Adapting Products Based on Consumer Needs
We worked with a division of a Finnish-based global health-care organization having 55,000 employees and $50 billion in revenue. The division we worked with was located in the mid-west and employed 700 people. Its mission was to develop, manufacture and market products for anesthesia and critical care.
During January 1999, the senior management team conducted an SOQ assessment. They had been doing well on quality and operational excellence initiatives in manufacturing and had improved their sales and marketing results, but were still concerned that there were many other areas on which they could improve. They approached the SOQ assessment as a means to find out what was working well and what needed to be improved.
We held a workshop with the senior team to present the results and engage them to determine what they needed to do to improve their business. We met with the CEO prior to the workshop to highlight the overall results and share the department comparisons. She was not surprised by the results, but was very interested to see that some of the departments had different results.
During the workshop, the team targeted challenge and involvement, freedom, idea-time, and idea-support as critical dimensions to improve to enable them to meet their strategic objectives. The organization was facing increasing competition in their markets and significant advances in technology. Although major progress had been made in the manufacturing area, they needed to improve their product development and marketing efforts. They wished to broaden involvement internally and cross-functionally and externally by obtaining deep consumer insight. The main strategy they settled upon was to “jump start” their innovation in new product development for life support.
Key personnel in new product development and marketing were provided training in Creative Problem Solving, and follow up projects were launched to apply the learning to existing and new projects. One project was a major investment in reengineering their main product line. Clinicians were challenged with the current design of the equipment. The initial decision was to redesign the placement of critical control valves used during surgery. The project leader decided to apply CPS on the challenge and used a number of the tools to go out and clarify the problem with the end-users. The sessions were videotaped and small-group sessions were held involving project team members from research and development as well as marketing. The result was a redefinition of the challenge. The decision was made to save the millions of dollars needed for a reengineering effort and develop a new tactile tool to help the clinicians’ problem of having their hands full.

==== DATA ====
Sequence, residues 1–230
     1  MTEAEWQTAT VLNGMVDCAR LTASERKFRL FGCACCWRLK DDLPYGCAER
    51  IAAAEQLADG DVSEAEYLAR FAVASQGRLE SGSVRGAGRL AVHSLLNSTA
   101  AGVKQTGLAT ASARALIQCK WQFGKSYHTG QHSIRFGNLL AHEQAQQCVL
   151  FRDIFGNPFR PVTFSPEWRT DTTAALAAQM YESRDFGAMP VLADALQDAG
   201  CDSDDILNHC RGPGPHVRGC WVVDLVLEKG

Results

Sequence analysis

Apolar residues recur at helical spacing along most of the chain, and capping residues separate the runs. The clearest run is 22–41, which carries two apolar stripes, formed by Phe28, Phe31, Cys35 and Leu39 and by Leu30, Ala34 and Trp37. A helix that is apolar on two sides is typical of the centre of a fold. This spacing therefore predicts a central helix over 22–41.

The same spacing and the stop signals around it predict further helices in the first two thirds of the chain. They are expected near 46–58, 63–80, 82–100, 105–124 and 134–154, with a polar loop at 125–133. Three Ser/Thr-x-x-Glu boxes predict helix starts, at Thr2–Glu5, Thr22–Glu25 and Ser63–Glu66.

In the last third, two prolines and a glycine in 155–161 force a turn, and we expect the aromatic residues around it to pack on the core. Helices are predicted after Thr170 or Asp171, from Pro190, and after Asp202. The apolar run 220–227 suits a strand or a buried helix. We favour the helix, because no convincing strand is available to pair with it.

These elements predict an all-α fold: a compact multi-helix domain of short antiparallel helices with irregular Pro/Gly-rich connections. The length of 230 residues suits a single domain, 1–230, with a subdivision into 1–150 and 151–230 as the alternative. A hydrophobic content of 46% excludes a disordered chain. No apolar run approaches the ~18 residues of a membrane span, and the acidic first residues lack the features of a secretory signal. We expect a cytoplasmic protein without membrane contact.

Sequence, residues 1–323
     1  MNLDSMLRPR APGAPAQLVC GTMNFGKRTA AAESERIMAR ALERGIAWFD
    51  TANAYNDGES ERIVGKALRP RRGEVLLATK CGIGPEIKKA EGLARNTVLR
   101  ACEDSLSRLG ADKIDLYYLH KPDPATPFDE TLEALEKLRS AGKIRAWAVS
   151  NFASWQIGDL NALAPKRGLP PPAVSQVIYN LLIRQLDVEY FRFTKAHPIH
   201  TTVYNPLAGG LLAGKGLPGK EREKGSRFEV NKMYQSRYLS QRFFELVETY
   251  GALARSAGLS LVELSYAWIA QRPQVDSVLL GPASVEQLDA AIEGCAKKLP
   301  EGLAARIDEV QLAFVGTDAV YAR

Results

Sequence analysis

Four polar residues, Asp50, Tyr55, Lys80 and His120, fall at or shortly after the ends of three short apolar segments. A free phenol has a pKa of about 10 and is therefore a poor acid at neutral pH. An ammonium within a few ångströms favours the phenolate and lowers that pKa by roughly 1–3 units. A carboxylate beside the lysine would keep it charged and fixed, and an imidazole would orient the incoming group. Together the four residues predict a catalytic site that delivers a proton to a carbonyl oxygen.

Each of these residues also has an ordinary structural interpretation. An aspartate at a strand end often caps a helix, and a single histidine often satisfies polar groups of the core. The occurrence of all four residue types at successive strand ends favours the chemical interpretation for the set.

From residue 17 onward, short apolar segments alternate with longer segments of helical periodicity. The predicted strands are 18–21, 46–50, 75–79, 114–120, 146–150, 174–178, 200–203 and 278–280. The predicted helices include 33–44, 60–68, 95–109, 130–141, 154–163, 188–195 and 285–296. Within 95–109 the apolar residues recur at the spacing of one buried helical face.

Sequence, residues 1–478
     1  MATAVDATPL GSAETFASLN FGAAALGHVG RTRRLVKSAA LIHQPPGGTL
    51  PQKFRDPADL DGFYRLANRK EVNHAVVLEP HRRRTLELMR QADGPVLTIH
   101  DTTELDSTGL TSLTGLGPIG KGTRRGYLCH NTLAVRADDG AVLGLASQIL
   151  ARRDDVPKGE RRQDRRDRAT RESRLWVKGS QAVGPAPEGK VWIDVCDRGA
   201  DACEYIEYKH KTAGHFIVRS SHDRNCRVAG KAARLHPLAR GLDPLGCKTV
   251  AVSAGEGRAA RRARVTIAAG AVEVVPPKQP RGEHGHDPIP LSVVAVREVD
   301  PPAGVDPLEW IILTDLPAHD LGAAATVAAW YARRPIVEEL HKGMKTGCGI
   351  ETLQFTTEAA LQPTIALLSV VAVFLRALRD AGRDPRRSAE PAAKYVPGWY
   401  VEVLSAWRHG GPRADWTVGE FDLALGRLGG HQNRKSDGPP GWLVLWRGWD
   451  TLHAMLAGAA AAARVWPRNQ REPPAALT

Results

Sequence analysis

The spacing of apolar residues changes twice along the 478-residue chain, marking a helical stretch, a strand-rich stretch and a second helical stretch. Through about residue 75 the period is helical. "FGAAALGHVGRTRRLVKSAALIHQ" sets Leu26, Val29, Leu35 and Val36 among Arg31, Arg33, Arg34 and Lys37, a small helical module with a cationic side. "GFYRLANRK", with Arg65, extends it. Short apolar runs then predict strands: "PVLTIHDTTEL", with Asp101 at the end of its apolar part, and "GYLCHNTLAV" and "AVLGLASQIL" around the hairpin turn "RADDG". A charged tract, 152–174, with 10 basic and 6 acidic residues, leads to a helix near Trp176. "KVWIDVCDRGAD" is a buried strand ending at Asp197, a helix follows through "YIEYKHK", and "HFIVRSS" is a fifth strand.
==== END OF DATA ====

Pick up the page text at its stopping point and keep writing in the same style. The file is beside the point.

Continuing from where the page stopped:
During this process, the employees were involved in working sessions and were able to observe progress due to a deliberate effort to display and communicate the results. Since the professionals in the research and development lab were also directly involved in obtaining and interpreting the consumer insight data, they understood the needs of the end-users and displayed an unusually high degree of energy and commitment to the project.
There were other spin-offs as well. Many of the employees started taking other initiatives to transform their use of space into community sharing events and resources. On one visit to the facility we observed a resource exchange for employees with children in which they could purchase new learning games or exchange their used ones with each other. We also observed a much greater amount of cross-functional and informal working across departments. Not only was there more consumer insight research going on, but also there were more and closer partnerships created with clinicians and end-users of the products.
Another SOQ assessment was administered about 18 months later. During this period of time the CEO tracked revenue growth and profitability of the division and reported double-digit growth.
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